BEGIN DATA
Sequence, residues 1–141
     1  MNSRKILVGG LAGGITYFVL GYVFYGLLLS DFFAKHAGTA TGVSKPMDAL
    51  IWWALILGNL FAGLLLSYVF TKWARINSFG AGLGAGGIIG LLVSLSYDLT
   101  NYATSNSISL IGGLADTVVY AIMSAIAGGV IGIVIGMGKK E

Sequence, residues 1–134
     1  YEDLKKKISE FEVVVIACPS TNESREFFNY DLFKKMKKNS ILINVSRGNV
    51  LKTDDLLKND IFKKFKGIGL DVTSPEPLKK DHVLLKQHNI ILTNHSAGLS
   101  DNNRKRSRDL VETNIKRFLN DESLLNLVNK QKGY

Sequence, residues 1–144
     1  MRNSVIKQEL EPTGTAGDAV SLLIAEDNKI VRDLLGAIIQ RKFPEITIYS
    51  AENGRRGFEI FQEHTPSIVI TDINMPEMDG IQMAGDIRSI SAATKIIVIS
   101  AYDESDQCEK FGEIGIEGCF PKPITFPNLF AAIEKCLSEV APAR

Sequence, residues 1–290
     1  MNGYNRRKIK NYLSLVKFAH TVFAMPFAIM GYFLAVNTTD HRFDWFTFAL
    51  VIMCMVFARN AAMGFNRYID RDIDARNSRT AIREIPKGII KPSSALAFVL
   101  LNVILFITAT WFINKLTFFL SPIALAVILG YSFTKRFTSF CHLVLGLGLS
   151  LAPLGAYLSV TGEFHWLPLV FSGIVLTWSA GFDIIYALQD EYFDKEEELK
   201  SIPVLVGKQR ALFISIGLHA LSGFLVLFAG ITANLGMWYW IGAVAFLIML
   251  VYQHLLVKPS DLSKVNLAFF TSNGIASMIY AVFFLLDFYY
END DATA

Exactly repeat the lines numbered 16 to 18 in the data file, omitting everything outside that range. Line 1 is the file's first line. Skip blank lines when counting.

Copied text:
   101  LNVILFITAT WFINKLTFFL SPIALAVILG YSFTKRFTSF CHLVLGLGLS
   151  LAPLGAYLSV TGEFHWLPLV FSGIVLTWSA GFDIIYALQD EYFDKEEELK
   201  SIPVLVGKQR ALFISIGLHA LSGFLVLFAG ITANLGMWYW IGAVAFLIML